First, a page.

|Publication number||US6169286 B1|
|Application number||US 09/000,484|
|Publication date||Jan 2, 2001|
|Filing date||Jul 31, 1995|
|Priority date||Jul 31, 1995|
|Also published as||DE69522720D1, DE69522720T2, EP0842539A1, EP0842539B1, WO1997005657A1|
|Publication number||000484, 09000484, PCT/1995/451, PCT/CA/1995/000451, PCT/CA/1995/00451, PCT/CA/95/000451, PCT/CA/95/00451, PCT/CA1995/000451, PCT/CA1995/00451, PCT/CA1995000451, PCT/CA199500451, PCT/CA95/000451, PCT/CA95/00451, PCT/CA95000451, PCT/CA9500451, US 6169286 B1, US 6169286B1, US-B1-6169286, US6169286 B1, US6169286B1|
|Inventors||Surendra Pal Singh|
|Original Assignee||1294339 Ontario, Inc.|
|Export Citation||BiBTeX, EndNote, RefMan|
|Patent Citations (6), Non-Patent Citations (4), Referenced by (19), Classifications (9), Legal Events (10)|
|External Links: USPTO, USPTO Assignment, Espacenet|
This invention relates in general to electromagnetic radiation imaging devices, and more particularly to a method and apparatus for operating an X-ray imaging device beyond the linear range of each pixel sensor.
The use of two-dimensional arrays of thin film transistors for radiation detection is known in the art. One prior art X-ray imaging detector has been developed at the University of Michigan, as described in L. E. Antonuk, J. Boudry, W. Huang, D. L. McShan, E. J. Morton, J. Yorkston, M. J. Longo, and R. A. Street, Multi-Element Amorphous Silicon Detector Array (MASDA), MED PHYS 19, 1455 (1992). In this prior art detector, a scintillating material (e.g. phosphor screen or CsI) converts X-rays directly into light. The light then impinges on an array of a-Si:H photodiodes, which produce charge in proportion to the light intensity. The generated charge is stored on a capacitor and is read out through a thin film transistor (TFT) as each line is addressed.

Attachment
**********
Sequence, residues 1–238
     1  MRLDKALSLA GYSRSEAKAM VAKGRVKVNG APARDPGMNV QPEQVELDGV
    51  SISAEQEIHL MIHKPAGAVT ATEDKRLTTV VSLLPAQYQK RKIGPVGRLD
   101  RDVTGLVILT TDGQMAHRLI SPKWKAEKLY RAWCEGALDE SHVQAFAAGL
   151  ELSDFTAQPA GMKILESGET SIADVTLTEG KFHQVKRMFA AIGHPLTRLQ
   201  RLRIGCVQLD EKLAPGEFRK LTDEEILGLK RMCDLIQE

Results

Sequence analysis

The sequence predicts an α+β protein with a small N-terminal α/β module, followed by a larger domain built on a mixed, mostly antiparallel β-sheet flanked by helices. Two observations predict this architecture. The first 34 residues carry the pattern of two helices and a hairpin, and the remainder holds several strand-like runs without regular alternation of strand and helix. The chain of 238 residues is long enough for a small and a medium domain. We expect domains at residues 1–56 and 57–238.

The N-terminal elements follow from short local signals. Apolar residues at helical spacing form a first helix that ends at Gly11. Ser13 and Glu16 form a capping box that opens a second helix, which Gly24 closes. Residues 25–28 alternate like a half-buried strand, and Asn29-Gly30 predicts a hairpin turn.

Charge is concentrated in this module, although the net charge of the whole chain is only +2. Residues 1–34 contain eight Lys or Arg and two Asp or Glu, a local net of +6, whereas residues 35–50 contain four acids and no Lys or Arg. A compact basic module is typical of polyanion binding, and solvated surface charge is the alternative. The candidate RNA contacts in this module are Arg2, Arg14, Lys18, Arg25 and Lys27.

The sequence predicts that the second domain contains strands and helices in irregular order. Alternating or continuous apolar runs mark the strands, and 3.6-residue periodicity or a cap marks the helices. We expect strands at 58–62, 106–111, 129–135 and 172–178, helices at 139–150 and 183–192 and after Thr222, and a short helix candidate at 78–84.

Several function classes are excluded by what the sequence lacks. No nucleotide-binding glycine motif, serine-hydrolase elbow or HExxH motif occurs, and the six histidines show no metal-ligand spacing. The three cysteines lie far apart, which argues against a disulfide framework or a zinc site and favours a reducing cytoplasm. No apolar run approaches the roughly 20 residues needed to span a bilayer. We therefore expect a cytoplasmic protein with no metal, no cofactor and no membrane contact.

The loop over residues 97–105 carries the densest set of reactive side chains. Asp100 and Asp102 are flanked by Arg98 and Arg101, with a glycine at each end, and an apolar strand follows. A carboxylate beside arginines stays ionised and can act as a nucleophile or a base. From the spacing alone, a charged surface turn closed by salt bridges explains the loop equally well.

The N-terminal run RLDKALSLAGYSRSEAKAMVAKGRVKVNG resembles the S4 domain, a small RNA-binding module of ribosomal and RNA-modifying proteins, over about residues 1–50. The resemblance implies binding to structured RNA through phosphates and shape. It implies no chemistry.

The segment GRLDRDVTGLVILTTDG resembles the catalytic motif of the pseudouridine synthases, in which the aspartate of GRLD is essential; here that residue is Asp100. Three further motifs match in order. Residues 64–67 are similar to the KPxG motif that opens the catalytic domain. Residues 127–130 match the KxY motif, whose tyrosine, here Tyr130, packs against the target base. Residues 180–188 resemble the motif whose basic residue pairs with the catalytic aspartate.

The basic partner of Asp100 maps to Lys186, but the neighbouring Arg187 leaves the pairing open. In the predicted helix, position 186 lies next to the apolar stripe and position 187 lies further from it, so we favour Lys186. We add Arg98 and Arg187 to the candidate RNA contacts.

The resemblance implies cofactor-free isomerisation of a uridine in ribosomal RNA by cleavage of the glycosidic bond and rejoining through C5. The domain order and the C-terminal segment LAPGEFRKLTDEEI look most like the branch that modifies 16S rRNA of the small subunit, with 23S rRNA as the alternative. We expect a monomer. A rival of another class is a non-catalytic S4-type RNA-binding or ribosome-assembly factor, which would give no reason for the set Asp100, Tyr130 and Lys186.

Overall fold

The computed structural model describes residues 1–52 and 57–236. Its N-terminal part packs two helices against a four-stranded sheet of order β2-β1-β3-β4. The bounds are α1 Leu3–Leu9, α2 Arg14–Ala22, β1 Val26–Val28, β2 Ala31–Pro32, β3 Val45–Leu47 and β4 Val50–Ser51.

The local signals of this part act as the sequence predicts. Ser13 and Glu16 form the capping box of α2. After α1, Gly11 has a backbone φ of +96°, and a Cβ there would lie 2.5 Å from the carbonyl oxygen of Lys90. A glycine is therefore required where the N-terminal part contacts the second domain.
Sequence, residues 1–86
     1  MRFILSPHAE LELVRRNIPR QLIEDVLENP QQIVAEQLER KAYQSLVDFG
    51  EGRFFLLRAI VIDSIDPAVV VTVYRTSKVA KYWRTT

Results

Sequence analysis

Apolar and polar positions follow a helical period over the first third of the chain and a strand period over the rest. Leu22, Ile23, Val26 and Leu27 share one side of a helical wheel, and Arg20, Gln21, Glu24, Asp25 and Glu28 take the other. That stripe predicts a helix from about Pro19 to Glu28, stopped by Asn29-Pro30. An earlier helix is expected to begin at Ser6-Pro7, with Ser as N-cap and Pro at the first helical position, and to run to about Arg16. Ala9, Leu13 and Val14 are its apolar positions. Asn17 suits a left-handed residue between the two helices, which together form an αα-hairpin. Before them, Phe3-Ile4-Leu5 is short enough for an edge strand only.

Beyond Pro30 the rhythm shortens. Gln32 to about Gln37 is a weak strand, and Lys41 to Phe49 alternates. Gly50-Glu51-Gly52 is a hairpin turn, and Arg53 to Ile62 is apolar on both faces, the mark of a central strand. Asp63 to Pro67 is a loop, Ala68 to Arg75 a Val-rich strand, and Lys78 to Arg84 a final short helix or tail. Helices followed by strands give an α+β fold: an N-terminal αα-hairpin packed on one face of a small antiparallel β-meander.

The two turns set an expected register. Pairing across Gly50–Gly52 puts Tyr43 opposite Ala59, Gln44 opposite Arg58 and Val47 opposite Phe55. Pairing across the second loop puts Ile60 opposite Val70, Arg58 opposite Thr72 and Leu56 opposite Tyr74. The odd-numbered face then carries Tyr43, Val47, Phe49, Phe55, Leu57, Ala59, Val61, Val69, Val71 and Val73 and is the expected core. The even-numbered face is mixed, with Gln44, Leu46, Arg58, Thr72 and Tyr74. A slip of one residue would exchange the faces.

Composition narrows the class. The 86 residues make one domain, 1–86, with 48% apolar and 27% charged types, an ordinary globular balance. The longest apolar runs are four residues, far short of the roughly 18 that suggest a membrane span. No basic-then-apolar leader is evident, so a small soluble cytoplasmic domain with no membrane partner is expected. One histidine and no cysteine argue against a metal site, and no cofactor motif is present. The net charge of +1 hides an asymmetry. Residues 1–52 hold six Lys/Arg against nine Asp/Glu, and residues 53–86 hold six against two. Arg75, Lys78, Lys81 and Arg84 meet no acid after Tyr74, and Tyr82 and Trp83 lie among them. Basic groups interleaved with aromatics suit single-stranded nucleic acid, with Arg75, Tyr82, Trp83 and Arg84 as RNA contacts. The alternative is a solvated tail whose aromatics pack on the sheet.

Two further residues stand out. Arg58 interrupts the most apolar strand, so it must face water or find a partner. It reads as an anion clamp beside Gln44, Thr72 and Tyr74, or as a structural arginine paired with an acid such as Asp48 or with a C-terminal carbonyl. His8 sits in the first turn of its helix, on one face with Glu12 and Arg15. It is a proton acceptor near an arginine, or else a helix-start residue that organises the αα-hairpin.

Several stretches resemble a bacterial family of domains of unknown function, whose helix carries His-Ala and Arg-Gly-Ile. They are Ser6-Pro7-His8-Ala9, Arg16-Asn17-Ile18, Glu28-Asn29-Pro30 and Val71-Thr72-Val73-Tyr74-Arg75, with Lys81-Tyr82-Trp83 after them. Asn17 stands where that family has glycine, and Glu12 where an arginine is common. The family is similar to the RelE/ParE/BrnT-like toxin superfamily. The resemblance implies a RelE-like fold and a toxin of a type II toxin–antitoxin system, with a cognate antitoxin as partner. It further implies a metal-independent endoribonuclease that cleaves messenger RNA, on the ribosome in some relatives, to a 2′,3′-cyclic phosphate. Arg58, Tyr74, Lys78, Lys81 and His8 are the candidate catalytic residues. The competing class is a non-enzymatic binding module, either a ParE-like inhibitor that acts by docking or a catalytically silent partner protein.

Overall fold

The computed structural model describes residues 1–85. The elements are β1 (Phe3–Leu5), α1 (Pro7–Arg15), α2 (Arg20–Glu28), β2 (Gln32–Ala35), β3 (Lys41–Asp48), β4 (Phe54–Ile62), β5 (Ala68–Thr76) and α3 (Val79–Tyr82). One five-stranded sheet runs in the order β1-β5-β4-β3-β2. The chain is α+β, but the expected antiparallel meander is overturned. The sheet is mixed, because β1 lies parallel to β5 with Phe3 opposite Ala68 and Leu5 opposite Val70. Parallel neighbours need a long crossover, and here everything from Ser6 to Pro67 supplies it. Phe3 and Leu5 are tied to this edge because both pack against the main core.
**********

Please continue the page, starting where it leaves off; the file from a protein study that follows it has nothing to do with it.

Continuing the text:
Another prior art detector has been developed by researchers at the University of Toronto in which X-rays are converted directly to charge. This system is described in W. Zhao and J. S. Rowlands, Selenium Active Matrix Universal Read-out Array Imager (SAMURAI), Medical Imaging VII: Physics of Medical Imaging SPIE (1993). Both the prior art MASDA and SAMURAI devices require measurement of charge (or integrated current), which is proportional to X-ray intensity, for each addressed row of the array.
Instead of directly measuring the charge generated by the radiation, it is known in the art to allow the charge to accumulate on the gate of a field effect transistor and to modulate the current through the channel. This approach takes advantage of the intrinsic amplification function of a field effect transistor and also allows the signal to be measured without necessarily destroying the charge. This prior art approach to radiation detection has been disclosed in U.S. Pat. Nos. 5,182,624 and 5,235,195 (Tran et al).
A modified version of this approach, for video camera use, has also been proposed (see Z-S. Huang and T. Ando, IEEE Transactions on Electronic Devices, ED-37 1432 (1990) and F. Andoh, K. Taketoshi, J. Yamasaki, M. Sugawara, Y. Fujita, K. Mitani, Y. Matuzawa, K. Miyata and S. Araki, Proceedings of IEEE International Solid State Circuits Conference, page 212 (1990)). In this modified version, a three transistor circuit is used at each pixel location. One of the transistors is used for row selection, another is used for modulating the current in proportion to the radiation-induced charge, and third transistor is used to clear the radiation-induced charge when the next row is addressed.